Partnership Insurance

 

Structure of a Partnership

A Partnership comprises of two or more self-employed people operating together in a trade or profession.   In the event of the death of one of the partners, their next of kin will then be entitled to his or her share of the partnership.  This can consist of any capital that the partner had invested in the business and the deceased partner’s share of undrawn profits.  In addition they may be entitled to a payment for a share of the goodwill of the business if it has been recognised by the partners as an asset of the partnership.

The Partnership Agreement

Before entering into a Partnership Insurance arrangement, any pre-existing Partnership Agreement should be consulted as this will generally define how the partnership is to be continued by the surviving partners and how the share of capital of the deceased, if any, will be payable to the next of kin.

If no Partnership Agreement exists, the ‘survival’ of the partnership depends on the Partnership Act of 1890, which states that in the event of the death of a partner, the partnership is dissolved and any sum due to the deceased is payable to the next of kin.

 

In either case the surviving partners face the prospect of having to find a substantial capital lump sum on the death of a fellow partner.  If advance provision is not made, the surviving partners may be faced with the need to borrow capital, to fund the repayment to the deceased partner’s estate.

Setting up Partnership Insurance

The approach to arranging the life assurance cover and to quantifying the amount of insurance required will depend on what payments need to be made by the surviving partners. The capital injection and any undrawn profits are relatively straightforward to calculate.  The most important factor to be decided is whether or not there will be financial payment in respect of goodwill.

Goodwill can be very difficult to value; it is common for it to be taken as a multiple of the fee income of the firm.  Professional advice from the accountant to the partnership is recommended for calculating goodwill.

Where the surviving partners are making a payment in respect of goodwill the Partnership Insurance is normally set up as an ‘Own Life in Trust Arrangement’.  If the surviving partners are making no payment in respect of goodwill, there is normally an arrangement of  ‘Self Insurance’.  There is a third approach known as “Life of Another” which may be useful in certain circumstances.  Each of these approaches is discussed below.

Own Life in Trust Arrangement

The steps in setting up an ‘Own Life in Trust Arrangement’ are as follows.

  • Each partner effects a life assurance policy on his own life, for a sum assured equivalent to the estimated full market value of his or her partnership share. The premiums are generally paid by the partnership from that partner’s share of profits.  There is no tax benefit to either the partnership or the partners in respect of the premiums.
  • Each policy is arranged under Trust, so that on death the proceeds are payable directly to the trustees for the benefit of the surviving partners.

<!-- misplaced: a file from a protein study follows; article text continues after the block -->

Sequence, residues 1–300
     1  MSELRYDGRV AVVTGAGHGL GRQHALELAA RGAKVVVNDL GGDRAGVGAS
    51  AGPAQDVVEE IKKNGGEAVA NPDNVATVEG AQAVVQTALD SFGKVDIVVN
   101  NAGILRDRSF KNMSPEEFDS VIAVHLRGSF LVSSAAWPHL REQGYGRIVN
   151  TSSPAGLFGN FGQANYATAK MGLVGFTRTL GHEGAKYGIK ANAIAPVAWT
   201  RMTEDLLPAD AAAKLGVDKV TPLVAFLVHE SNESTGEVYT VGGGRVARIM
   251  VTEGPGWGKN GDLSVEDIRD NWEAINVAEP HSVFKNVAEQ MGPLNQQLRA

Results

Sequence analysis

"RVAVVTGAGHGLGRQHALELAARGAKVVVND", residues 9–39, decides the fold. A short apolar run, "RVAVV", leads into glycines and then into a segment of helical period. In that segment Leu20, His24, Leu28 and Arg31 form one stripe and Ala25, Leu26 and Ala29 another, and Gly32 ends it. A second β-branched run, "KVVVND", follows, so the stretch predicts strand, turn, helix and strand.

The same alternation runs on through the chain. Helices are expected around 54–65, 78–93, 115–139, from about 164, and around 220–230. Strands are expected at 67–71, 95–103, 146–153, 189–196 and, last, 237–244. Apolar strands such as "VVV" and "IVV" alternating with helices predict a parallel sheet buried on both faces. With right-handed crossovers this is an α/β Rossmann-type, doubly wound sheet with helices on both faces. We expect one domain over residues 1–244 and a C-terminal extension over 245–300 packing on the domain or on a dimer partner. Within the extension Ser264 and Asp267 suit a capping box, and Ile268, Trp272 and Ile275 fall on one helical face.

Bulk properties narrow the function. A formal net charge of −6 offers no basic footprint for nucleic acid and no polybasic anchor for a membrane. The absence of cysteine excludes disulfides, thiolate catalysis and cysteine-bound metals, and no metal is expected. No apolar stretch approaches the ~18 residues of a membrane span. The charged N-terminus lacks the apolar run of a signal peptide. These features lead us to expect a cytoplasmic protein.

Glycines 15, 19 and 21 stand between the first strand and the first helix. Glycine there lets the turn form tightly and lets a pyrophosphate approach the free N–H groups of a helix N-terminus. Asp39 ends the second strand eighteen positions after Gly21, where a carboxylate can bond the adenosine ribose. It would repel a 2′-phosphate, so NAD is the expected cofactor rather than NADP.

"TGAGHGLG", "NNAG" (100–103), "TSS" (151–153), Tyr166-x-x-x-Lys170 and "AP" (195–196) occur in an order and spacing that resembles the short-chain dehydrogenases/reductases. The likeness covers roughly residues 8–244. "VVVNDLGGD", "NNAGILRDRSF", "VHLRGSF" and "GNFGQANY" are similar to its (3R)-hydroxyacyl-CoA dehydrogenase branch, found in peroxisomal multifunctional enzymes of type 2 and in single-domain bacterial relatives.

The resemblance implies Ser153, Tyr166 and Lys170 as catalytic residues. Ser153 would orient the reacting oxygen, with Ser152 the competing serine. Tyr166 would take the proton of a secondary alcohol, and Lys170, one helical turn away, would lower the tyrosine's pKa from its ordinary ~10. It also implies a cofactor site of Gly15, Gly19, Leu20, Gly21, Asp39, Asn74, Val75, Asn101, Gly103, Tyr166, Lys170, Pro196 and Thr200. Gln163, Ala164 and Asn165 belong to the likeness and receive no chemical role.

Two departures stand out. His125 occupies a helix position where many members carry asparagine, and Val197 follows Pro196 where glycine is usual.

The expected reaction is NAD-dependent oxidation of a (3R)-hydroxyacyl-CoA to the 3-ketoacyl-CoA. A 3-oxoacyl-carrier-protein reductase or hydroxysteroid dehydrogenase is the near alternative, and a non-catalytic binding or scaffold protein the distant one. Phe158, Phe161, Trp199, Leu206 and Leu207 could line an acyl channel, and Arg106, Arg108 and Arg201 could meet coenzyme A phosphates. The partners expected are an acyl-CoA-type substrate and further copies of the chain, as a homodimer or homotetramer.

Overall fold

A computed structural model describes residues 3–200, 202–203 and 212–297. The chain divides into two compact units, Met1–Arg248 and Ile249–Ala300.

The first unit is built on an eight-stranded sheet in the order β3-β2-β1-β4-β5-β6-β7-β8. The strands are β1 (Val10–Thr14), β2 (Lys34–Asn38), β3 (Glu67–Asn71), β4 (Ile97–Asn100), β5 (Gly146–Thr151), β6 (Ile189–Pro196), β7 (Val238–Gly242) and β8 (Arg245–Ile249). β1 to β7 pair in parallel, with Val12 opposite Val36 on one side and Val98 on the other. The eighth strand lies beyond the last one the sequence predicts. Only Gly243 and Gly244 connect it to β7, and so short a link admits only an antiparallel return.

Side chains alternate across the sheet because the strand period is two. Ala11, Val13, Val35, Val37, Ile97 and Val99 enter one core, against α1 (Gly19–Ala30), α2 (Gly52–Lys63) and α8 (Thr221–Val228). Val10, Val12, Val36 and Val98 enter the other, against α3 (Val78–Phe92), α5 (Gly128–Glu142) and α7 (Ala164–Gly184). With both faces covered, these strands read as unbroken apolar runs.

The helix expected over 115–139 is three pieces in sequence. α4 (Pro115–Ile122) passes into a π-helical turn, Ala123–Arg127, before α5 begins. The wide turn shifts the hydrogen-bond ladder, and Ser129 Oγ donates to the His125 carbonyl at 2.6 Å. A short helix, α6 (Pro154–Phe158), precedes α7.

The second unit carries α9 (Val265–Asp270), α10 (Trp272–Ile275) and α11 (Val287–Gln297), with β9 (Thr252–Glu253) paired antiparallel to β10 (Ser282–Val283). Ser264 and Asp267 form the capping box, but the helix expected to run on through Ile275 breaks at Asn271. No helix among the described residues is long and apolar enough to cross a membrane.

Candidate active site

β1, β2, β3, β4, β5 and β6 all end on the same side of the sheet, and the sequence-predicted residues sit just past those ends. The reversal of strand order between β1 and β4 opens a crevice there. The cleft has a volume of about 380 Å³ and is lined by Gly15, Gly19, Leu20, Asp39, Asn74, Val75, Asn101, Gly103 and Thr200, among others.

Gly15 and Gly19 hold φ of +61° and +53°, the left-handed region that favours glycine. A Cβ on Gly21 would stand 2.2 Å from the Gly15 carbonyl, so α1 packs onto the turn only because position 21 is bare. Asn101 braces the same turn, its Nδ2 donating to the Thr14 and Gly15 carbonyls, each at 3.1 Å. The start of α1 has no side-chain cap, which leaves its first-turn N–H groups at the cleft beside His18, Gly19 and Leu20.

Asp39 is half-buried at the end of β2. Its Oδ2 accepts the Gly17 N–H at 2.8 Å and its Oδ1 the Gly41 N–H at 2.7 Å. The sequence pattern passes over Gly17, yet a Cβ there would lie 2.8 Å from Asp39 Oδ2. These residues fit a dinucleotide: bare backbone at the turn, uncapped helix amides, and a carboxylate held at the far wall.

• A legal agreement is put in place between the partners. This can be either a Buy/Sell Agreement or a Double Option Agreement.
  • A Buy/Sell Agreement obligates the surviving partners to buy the deceased’s share of the partnership at a fair open market value and obligates that next of kin’s personal representatives to sell the share of the partnership back to the surviving partners.
  • A Double Option Agreement is a flexible form of the Buy/Sell   Rather than a legally binding obligation, it gives the surviving partners an option to buy out the next of kin.  It also gives the next of kin the option to sell their share of the partnership to the surviving partners.  In either case it is the exercise of the option that creates a binding contract.
  • To ensure that there is no Inheritance Tax liability in the hands of the surviving partners certain Revenue Guidelines must be met. These include the need to show that the policies are clearly effected as part of a commercial arms length arrangement and are part of a reciprocal arrangement between the partners.  Any surplus not used by the surviving partners to purchase the deceased partner’s share will be liable to Inheritance tax.

Self Insurance

  • This uses a different approach to compensating the next of kin for the goodwill element. Rather than the other partners compensating the next of kin each partner takes out a policy on their own life the proceeds of which are paid to their next of kin.  This is known as “Self Insurance” and may be specified in the Partnership Agreement.
  • Each partner takes out a life assurance policy on his / her own life for a specified amount. The amount of cover is set to provide compensation for the “goodwill” element of their share of the Partnership.
  • Normal Inheritance Tax rules apply i.e. if the funds go to the spouse of the deceased there will be no liability.
  • This method of arranging cover can be tax deductible for the individual partners, depending on the type of policy taken out.

Life of Another

  • Under ‘Life of Another’ each partner takes out a policy on the other partner’s lives. This is generally only feasible where there are a small number of partners and the partnership composition is unlikely to change.

On the death of one of the partners each of the others receive the proceeds of their policy which can be used to buy out the next of kin.

Conclusion

Partnership Insurance ensures the future security of the partnership by ensuring funds are available to compensate the deceased partner’s next of kin for his or her share of the partnership.

Goodwill may be defined by the anticipated value of the partnership’s name, tradition and contacts.